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John Gotti was an organized crime leader who became head of the Gambino family.
The Gambinos - Mini Bio (2:08)
The Gambino crime family ruled new york city streets for decades. They were three of the most powerful mafia dons of the 20th centuries.
A preview of "Mobsters: John Gotti."
Salvatore "Sammy" Gravano, the highest-ranking mobster ever to break the mafia's blood oath of silence and testify against his boss, John Gotti, is considered the mafia's best-known "rat."
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Two weeks later, on December 16, 1985, Castellano was gunned down while eating at the Sparks Steak House in Manhattan. Gotti was made boss soon after.
By August of 1986, John Gotti had become something of a local hero and icon in his Howard Beach neighborhood. When it came time to face trial for the racketeering charges,
Gotti and the other defendants were acquitted of their crimes. FBI officials later discovered that the jury foreman fixed the verdict. It was a crushing defeat for law enforcement officials, and Gotti became the mob's symbol of invincibility, earning the name "Teflon Don" because charges against him "just wouldn't stick."
The FBI then turned the conviction of Gotti into an organizational crusade. After pressuring the Gambino family's new underboss, Sammy Gravano, into testifying against Gotti, the mob leader was finally convicted of murder and racketeering on April 2, 1992. It is estimated that, while John Gotti acted as boss, the Gambino family made more than $500 million in revenue from illegal activities such as gambling, drug trafficking, extortion, and stock fraud.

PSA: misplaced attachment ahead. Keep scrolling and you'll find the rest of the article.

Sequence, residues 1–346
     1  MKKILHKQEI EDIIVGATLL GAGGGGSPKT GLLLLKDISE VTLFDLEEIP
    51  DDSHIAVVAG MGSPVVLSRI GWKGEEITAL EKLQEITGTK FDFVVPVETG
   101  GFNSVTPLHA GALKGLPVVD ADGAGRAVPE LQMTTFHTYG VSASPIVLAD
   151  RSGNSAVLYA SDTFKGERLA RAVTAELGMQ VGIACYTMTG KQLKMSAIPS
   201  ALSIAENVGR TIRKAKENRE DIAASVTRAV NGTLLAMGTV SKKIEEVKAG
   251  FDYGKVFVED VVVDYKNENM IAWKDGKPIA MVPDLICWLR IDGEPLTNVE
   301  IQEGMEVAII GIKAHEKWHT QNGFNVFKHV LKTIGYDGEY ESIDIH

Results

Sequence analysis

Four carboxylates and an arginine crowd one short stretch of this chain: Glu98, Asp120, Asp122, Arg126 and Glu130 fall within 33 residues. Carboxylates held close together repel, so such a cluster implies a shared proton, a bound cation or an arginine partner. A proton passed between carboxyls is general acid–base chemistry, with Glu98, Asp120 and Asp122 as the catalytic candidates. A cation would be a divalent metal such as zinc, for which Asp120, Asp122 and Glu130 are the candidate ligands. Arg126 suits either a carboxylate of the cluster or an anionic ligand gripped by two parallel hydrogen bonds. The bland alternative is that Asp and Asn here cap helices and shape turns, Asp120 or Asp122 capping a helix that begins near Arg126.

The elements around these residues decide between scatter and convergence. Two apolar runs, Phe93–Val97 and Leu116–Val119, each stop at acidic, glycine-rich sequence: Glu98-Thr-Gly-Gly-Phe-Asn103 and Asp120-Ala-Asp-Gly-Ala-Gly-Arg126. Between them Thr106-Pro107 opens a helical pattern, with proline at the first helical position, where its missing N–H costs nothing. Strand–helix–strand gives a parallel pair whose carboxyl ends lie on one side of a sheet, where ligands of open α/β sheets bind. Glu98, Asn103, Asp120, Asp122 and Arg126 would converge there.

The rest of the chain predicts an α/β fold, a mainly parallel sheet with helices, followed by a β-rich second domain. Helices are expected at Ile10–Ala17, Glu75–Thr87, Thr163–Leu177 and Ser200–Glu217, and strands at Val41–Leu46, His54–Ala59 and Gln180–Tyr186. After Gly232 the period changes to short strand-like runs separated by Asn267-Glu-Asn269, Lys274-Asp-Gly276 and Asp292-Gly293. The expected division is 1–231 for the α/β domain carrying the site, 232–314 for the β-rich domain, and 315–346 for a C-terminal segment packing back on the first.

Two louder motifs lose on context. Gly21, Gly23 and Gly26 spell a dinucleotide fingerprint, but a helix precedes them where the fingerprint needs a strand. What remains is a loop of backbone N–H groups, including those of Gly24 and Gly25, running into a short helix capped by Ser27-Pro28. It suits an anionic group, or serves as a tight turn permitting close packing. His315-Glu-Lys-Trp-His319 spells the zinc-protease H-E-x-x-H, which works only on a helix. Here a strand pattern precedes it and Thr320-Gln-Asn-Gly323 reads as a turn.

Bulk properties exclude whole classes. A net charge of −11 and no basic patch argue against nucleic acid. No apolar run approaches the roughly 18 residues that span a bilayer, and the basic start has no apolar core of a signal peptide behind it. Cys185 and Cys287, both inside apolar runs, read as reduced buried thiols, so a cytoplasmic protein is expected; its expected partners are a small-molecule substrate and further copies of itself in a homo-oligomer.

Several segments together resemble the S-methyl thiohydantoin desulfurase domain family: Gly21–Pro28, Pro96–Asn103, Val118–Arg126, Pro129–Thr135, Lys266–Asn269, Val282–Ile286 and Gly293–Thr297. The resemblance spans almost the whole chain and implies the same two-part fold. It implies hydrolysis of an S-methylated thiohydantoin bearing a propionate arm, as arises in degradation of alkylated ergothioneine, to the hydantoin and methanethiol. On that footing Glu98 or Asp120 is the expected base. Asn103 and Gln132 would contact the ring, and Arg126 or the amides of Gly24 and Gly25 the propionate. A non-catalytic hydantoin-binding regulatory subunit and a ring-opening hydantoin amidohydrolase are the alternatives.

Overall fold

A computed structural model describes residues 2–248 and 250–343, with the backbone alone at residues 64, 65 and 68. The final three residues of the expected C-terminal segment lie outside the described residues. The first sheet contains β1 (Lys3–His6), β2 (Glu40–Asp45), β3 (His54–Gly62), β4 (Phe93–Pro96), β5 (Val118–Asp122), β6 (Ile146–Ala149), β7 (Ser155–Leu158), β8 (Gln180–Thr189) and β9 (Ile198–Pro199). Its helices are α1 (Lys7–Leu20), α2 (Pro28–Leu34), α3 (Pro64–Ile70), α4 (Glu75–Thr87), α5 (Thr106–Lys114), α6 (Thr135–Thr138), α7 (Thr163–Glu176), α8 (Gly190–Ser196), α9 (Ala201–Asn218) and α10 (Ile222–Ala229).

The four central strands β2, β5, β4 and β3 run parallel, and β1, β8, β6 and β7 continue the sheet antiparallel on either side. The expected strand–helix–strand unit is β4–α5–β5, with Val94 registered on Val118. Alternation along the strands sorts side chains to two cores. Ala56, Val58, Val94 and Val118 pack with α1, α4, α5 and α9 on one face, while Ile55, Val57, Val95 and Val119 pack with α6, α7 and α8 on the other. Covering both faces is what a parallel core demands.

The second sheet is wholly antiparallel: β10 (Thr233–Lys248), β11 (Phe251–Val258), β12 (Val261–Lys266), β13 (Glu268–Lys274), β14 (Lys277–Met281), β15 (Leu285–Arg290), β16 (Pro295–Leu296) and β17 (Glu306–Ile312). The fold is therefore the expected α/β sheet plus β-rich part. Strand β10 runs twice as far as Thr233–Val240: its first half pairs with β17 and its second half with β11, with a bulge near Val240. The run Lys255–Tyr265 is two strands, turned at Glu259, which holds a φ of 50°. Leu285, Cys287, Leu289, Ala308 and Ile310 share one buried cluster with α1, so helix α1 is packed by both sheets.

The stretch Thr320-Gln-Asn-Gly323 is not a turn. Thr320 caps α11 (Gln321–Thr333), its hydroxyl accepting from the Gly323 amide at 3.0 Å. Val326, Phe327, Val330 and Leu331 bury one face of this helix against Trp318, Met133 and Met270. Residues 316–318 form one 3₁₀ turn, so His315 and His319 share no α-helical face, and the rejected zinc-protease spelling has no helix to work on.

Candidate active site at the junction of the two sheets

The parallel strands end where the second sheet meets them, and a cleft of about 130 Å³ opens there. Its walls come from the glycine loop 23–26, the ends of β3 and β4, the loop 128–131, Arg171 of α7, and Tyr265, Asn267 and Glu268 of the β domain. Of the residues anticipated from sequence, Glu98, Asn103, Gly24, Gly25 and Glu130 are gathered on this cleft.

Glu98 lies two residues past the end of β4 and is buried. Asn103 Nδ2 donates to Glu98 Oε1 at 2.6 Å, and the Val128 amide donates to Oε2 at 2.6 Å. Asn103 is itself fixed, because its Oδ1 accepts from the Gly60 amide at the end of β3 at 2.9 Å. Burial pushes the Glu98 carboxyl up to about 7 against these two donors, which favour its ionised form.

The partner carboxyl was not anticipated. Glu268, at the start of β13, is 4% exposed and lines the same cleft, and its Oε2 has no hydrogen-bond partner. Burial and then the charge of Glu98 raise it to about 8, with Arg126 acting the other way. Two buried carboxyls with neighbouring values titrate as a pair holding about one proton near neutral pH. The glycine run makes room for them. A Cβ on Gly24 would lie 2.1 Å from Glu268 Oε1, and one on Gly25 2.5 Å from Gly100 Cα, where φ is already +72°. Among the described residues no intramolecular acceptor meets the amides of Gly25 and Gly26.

As a repeat offender, Gotti was sentenced to life in prison without possibility of parole and sent to federal prison in Marion, Illinois. According to federal prosecutors, after his imprisonment he appointed his eldest son, John "Junior" Gotti, as acting boss of the Gambino family. In 1999, his son pled guilty to racketeering charges and was sentenced to six years in prison.
John Gotti remained in jail until June 10, 2002, when he died in the federal prison hospital from complications with head and neck cancer.
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Bootleggers, smugglers, drug dealers, hit men—all these occupations are the provenance of mobsters, who operate in ethnic, family and business networks. Mobsters' real life crimes, and Hollywood's fascination with them, has earned them a special place in the American imagination. From Al Capone's Chicago crime ring to Bugsy Siegel's Las Vegas racket, these mobsters have made their names notorious from coast to coast.
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